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    Looking Toward the Future of Stem Cells in Orthopaedics

    Dr. Thomas Einhorn and Dr. George Muschler weigh in on stem cell therapy, one of the hottest topics in orthopaedics today.

    By Susan Doan-Johnson

    The role biologics will play in the future of orthpaedic surgery remains unclear.

    There certainly have been disappointments. For example, a decade of research and clinical use of growth factors – namely, bone morphogenic proteins (BMPs) – did not pan out the way researchers had hoped.

    “We were banking on BMPs changing orthopaedic surgery,” said Thomas Einhorn, MD, from Boston University, in a press conference at the recent American Academy of Orthopaedic Surgeons (AAOS) Annual Meeting. BMPs, however, “have not lived up to the promise,” he said.

    But there are reasons to remain optimistic as the focus moves to cellular-based therapies – primarily stem cell therapy. Dr. Einhorn believes stem cells will not only be used to treat orthopaedic injuries, but will also be the foundation for drug discovery and research. They could, in fact, usher in an era of drug-based treatments for orthopaedic issues, he said.

    3 Applications for Stem Cells

    Dr. Einhorn’s particular interest is in how stem cells derived from bone marrow of adults can contribute to fracture healing. He began using autologous bone marrow grafting on fracture nonunions based on the positive results of a study by Hernigou et al [1], who achieved union in 53 of 60 patients with non-infected nonunions. In the study, bone marrow was aspirated from the patients’ iliac crests, centrifuged, and then reinjected as a bone marrow aspirate concentrate that contained progenitor and other mononuclear cells.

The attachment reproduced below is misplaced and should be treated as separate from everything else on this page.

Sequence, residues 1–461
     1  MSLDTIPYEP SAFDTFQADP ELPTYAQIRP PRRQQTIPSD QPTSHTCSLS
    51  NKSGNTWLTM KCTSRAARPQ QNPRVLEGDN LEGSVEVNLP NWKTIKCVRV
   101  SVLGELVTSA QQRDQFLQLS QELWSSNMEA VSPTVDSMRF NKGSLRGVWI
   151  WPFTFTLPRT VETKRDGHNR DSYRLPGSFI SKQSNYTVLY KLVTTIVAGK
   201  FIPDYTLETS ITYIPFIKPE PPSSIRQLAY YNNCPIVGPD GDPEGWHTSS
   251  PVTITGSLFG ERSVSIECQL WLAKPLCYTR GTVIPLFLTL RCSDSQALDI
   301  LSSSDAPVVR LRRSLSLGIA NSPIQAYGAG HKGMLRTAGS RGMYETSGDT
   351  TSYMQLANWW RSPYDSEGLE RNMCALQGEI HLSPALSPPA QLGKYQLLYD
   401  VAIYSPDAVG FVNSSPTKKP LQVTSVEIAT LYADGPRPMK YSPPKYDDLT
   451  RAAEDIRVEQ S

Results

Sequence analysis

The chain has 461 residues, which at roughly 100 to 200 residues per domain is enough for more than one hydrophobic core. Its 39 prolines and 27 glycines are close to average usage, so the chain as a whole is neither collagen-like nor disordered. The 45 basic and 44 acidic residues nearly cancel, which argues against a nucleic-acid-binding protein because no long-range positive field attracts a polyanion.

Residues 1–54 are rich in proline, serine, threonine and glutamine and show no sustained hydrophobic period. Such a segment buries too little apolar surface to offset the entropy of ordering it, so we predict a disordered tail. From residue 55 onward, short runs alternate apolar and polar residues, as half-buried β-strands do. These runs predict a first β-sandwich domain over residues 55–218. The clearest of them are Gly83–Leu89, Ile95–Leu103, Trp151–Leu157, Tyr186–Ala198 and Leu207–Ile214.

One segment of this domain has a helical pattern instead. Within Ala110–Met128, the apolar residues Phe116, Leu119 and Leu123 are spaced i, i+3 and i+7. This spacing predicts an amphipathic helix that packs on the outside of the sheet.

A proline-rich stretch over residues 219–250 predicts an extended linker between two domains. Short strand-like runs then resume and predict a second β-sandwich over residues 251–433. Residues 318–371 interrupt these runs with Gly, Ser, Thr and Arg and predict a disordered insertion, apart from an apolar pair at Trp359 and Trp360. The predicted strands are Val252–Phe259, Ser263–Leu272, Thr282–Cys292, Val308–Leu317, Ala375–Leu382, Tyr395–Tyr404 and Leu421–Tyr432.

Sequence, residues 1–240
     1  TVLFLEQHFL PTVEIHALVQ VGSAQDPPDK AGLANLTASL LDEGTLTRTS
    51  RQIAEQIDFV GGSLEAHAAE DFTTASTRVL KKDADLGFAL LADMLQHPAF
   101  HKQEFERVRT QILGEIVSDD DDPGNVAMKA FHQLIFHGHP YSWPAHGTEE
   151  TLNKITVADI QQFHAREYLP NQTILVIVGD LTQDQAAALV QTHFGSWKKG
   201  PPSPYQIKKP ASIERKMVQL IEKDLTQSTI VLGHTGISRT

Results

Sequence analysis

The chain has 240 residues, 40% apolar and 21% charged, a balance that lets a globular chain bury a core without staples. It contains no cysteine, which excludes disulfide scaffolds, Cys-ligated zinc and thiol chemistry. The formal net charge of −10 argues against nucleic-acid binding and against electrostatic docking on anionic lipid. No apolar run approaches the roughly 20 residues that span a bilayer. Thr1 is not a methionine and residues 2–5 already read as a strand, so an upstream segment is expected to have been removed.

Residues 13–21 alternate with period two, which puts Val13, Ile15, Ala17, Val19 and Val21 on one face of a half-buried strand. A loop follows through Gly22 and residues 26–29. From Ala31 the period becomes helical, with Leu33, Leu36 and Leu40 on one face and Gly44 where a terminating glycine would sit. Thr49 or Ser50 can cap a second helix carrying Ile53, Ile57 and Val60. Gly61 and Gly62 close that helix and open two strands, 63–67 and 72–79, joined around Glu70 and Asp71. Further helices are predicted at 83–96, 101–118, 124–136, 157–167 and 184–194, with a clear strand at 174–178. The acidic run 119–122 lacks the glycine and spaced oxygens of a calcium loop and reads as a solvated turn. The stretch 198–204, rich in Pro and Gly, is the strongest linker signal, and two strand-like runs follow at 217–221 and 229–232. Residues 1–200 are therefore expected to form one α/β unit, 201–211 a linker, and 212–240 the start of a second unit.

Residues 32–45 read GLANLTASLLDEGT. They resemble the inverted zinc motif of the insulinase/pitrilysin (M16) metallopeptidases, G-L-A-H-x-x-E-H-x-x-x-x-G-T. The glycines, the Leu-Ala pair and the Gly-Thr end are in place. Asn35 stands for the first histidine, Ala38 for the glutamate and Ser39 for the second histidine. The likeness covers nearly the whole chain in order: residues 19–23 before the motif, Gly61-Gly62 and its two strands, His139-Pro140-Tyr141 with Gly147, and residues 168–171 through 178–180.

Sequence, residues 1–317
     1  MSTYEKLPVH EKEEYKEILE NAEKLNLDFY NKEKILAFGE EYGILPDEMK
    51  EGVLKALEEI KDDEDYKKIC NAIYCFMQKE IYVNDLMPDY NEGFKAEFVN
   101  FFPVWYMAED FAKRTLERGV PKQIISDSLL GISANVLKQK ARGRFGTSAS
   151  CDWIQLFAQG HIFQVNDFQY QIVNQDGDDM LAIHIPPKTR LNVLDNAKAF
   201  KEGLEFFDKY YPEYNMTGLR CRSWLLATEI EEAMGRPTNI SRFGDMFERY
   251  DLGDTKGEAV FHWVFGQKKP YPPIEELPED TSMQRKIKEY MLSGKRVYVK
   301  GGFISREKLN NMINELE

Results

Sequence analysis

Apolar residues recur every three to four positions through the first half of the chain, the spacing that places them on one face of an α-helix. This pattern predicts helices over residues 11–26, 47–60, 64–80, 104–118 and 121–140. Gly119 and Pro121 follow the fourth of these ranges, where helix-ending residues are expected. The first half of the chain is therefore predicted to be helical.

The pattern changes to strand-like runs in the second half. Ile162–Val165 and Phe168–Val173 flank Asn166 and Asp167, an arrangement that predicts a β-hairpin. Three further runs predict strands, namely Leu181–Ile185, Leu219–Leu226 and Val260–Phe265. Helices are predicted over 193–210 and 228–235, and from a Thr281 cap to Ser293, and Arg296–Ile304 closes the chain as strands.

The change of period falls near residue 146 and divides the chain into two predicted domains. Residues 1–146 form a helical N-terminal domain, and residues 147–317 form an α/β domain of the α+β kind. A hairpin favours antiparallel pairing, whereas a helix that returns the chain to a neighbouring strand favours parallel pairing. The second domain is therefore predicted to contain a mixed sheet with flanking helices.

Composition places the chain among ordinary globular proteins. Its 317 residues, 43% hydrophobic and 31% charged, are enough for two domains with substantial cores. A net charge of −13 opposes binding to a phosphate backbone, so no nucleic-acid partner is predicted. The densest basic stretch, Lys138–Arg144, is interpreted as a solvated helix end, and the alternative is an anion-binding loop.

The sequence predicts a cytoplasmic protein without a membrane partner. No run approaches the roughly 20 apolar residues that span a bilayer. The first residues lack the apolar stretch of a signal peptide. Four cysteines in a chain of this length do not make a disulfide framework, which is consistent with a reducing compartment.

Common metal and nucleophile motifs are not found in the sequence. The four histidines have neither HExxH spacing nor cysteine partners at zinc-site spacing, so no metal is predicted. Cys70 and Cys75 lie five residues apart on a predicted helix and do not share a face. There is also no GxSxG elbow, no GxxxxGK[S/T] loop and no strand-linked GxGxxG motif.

Stems cells can also be used to treat patients with osteonecrosis of the femoral head. At a forum on stem cells at the Annual Meeting, Dr. Einhorn shared his case series of patients with stage 1 or stage 2 osteonecrosis who were treated with stem cells. At 1 year of follow-up, 75% of these patients improved significantly without surgical intervention.

    Dr. Einhorn is most excited about the possibilities for preventing progression of osteoarthritis of the knee – in fact, he referred to it as a “home run.” Human and animal studies have yielded positive results, he said, including pain reduction when compared with controls. The key, he said, will be to inject the stem cells where they are needed so that they are not washed away by synovial fluid.

    Questions and Cautions

    George Muschler, MD, from the Cleveland Clinic, also speaking at the AAOS press conference, agreed that stem cell therapy is one of the hottest topics in orthopaedic surgery today.

    He cautioned that much research is still needed to define how stem cells should be used in orthopaedic applications. This will take a concerted effort from a network of clinical investigators who are working together to answer questions about safety, efficacy, and long-term durability of stem cell therapy in orthopaedics, Dr. Muschler said.

    One of the challenges will be the personal nature of stem cell therapy. Can stem cells be harvested and implanted from one person to another, or is autologous stem cell therapy the best option? Similarly, how will stem cells from one part of the body behave in different applications? For example, will avascular necrosis, osteoarthritis, and fracture nonunion respond the same way to the same type of stem cell?